Open Access

Superior mediastinal paraganglioma associated with von Hippel-Lindau syndrome: report of a case

  • Tsuyoshi Takahashi1Email author,
  • Hiroshi Nogimura1,
  • Ken Kuriki2 and
  • Ryo Kobayashi1
World Journal of Surgical Oncology201412:74

https://doi.org/10.1186/1477-7819-12-74

Received: 10 April 2012

Accepted: 15 March 2014

Published: 29 March 2014

Abstract

Extra-adrenal pheochromocytomas are termed paragangliomas. Paragangliomas in the mediastinum, especially the superior mediastinum, are extremely rare. It is known that paragangliomas or pheochromocytomas occur in combination with von Hippel-Lindau syndrome. We present the case of a non-functional superior mediastinal paraganglioma in a patient with von Hippel-Lindau syndrome, without a familial history suggestive of the condition. This case highlights that we should be aware of possible sporadic von Hippel-Lindau syndrome in patients with a mediastinal paraganglioma.

Keywords

Mediastinal paraganglioma Pheochromocytoma von Hippel-Lindau syndrome VHL gene

Background

Pheochromocytomas and paragangliomas are neuroendocrine tumors that arise from the sympathetic or parasympathetic paraganglia. Mediastinal paragangliomas are rare and slow-growing tumors. Some patients with pheochromocytomas or paragangliomas show an association with an inherited condition such as von Hippel-Lindau syndrome or multiple endocrine neoplasia type 2. We report the case of a non-functional superior mediastinal paraganglioma in a patient with von Hippel-Lindau syndrome.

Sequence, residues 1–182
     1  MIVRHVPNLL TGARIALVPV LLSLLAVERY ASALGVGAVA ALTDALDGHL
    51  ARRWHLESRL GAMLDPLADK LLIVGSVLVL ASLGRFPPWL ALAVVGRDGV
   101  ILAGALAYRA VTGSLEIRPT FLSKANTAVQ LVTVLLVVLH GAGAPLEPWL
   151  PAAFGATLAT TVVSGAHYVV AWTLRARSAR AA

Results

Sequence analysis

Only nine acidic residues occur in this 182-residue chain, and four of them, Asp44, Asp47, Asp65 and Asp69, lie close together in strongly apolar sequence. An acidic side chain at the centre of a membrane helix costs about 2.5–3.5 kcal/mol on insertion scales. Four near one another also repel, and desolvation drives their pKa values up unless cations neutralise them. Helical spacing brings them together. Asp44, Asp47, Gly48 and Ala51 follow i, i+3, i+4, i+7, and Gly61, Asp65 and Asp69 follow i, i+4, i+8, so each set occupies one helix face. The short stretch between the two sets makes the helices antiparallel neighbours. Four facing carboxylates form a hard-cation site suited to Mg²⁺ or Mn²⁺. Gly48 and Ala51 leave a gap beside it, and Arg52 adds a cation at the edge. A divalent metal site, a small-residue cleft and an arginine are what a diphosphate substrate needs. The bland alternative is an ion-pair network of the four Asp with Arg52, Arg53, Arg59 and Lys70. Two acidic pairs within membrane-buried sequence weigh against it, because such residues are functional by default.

Case presentation

A previously healthy 18-year-old man was referred to our hospital due to an abnormal shadow on a chest radiograph performed as part of a health check (Figure 1). The patient had no past medical or familial history of note.
Figure 1

Chest radiograph showing an abnormal shadow in the superior mediastinum.

There were no abnormalities on physical examination, and laboratory data were within normal limits. Chest computed tomography (CT) without contrast revealed a 36 × 21 × 30 mm superior mediastinal mass located between the left common carotid and subclavian arteries, trachea, and spine (Figure 2).
Figure 2

Chest computed tomography showing a 36 × 21 × 30 mm superior mediastinal mass located between the left common carotid and subclavian arteries, trachea, and spine.

Chest magnetic resonance imaging (MRI) showed an inhomogeneous-intensity mass with no direct invasion of the left common carotid and subclavian arteries (Figure 3). Preoperatively, we diagnosed the mass as a superior mediastinal neurogenic tumor.
Figure 3

Chest magnetic resonance image (T2-weighted) revealing an inhomogeneous-intensity mass with no direct invasion of the left common carotid and subclavian arteries.

Complete resection of the tumor was performed by video-assisted thoracoscopic surgery using a direct approach through a left supra-clavicular incision. No remarkable blood pressure changes and little blood loss occurred during the operative procedure. Histologic findings showed that the tumor consisted of cells arranged in nests (‘zellballen’) with a vascular stroma (Figure 4). Immunohistochemistry showed a positive immunoreaction for chromogranin A (Figure 5) and synaptophysin.
Figure 4